David Russell Mosley
25 February 2018
The Edge of Elfland
Hudson, New Hampshire
Lately I’ve been on something of a Malcolm Guite kick. If you’re unfamiliar with him, I highly recommend checking him out. He’s an Anglican priest, a rock n’ roller/folk artist, a poet, and a theologian. A friend pointed me to Guite’s podcast and there I listened to a series of lectures he once gave on the Inklings. His talk on Barfield was particularly inspiring and caused me to finally buy Barfield’s Poetic Diction. As I’ve been reading through it and thinking on the various topics related to the Inklings, poetry, and reality an idea struck me.
You see, Barfield argues that language, that poetry can cause us to see and think with another consciousness. For Barfield, there was once a time when myths, the phenomena they explained, and the inner realities (within us) they explained were all one. When the ancients talk about Demeter and Persephone they are describing a story about death and change, as well as the phenomenon of the change of seasons, and the inner experience of those high and low moments. Now, for Barfield, poetry can help us return to these older ways not only of seeing, but of shaping reality. Language is important to Barfield, that Adam is tasked with naming all things shows that humans have a role to play in the shaping of reality.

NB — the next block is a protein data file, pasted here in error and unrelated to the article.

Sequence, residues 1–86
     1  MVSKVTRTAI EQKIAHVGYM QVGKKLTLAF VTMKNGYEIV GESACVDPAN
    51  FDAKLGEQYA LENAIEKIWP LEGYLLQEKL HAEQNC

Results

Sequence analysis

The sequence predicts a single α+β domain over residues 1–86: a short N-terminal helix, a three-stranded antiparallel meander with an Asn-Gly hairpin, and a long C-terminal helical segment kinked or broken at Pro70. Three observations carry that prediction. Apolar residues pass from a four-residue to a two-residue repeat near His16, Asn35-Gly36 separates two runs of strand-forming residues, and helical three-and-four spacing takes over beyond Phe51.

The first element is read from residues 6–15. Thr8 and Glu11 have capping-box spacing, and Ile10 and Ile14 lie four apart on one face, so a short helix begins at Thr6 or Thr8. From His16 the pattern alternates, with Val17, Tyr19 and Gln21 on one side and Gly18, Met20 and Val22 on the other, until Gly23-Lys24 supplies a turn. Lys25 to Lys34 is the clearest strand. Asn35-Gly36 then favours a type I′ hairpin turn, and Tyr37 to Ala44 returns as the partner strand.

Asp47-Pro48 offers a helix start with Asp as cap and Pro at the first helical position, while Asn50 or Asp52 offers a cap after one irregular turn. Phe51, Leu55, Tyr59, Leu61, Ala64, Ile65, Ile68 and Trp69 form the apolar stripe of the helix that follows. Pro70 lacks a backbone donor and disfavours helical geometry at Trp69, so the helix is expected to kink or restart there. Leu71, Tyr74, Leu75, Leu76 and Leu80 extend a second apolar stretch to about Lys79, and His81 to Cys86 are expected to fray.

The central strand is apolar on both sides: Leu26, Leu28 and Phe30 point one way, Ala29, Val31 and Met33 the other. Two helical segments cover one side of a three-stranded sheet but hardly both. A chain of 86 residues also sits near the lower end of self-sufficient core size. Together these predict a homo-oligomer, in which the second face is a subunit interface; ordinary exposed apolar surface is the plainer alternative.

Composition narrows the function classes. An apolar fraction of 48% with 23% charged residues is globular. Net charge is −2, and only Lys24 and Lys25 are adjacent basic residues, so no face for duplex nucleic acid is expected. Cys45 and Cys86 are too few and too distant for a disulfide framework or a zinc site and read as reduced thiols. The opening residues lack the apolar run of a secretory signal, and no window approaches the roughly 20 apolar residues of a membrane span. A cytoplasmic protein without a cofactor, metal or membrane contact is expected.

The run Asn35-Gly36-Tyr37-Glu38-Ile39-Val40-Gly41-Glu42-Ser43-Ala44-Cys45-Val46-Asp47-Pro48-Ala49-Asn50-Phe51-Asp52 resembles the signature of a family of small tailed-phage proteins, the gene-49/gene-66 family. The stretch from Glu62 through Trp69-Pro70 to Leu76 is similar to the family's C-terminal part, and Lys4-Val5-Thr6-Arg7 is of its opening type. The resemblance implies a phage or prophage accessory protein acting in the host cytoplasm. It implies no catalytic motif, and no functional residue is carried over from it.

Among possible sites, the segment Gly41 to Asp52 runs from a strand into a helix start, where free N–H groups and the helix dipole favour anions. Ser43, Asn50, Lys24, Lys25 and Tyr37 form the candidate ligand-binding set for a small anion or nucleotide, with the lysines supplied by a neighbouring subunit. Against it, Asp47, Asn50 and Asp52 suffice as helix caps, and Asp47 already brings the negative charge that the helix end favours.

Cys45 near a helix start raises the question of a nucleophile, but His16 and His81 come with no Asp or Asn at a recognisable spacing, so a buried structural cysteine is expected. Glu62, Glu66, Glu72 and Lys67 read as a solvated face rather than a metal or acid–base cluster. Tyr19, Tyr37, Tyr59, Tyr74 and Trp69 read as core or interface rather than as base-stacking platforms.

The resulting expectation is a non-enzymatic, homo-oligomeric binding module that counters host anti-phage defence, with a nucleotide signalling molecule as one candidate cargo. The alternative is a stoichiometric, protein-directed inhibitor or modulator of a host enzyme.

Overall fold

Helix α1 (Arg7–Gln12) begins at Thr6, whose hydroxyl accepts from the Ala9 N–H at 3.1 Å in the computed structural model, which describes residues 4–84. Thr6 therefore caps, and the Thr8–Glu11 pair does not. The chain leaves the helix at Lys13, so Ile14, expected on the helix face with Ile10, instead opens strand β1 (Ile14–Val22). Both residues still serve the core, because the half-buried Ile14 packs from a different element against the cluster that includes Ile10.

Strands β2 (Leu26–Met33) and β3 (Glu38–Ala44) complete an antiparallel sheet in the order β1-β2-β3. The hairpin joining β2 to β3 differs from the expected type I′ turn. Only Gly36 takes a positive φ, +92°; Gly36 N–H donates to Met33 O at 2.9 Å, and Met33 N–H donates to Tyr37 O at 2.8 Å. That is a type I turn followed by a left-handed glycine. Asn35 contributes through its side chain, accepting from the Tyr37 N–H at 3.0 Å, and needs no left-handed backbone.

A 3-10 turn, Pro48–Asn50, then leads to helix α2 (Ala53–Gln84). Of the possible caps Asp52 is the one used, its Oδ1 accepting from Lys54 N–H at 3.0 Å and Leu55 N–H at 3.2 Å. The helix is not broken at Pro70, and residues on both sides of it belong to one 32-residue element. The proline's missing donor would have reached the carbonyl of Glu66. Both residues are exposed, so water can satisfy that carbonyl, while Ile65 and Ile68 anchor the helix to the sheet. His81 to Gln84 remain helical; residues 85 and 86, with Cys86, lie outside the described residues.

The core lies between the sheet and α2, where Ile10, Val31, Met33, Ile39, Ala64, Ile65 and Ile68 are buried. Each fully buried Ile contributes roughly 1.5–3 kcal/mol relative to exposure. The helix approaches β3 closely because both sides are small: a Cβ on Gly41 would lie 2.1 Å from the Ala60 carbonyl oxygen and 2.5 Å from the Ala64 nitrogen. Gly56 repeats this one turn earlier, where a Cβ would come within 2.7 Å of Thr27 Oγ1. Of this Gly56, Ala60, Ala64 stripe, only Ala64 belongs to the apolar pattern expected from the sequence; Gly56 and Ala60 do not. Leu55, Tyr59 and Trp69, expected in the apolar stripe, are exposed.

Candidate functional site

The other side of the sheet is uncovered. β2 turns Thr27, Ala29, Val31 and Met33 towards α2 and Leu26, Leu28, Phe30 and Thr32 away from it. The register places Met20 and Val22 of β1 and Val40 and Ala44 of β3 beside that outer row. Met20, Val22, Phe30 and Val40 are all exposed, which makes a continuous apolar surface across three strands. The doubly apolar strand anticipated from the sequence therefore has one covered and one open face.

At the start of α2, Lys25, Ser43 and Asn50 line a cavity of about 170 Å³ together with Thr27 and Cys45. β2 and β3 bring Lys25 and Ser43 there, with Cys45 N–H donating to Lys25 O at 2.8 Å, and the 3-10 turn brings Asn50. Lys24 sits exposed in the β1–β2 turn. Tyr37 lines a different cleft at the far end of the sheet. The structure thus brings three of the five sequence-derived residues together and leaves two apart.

When the Pevensies do return it takes them awhile to see things rightly. Most of them can’t see Aslan for quite some time. Then, after she has seen him, Lucy has her dream where she dances once again with the Trees. I think that, and hope to further explore if, Lucy’s return with her particular understanding of language, of what the trees are, actually changes the nature of reality in Narnia. She is able to reawaken them precisely because she is connected to an older way of knowing (older in Narnia time, since it is only a year since the Pevensies were last there in our time).
Of course, there are other connections to be made between Inklings here. Tolkien’s understanding of Recovery in On Fairy-stories, is clearly connected to Barfield’s understanding of poetry, and I think one can and should connect his trees to this as well.
All of this needs more development, and I need to read more Barfield before I can begin to give concrete examples here or elsewhere. Nevertheless, I am intrigued by Barfield’s approach to language and poetry, not least because both he and Lewis seem to suggest that the work of one person can begin the reawakening process in reality.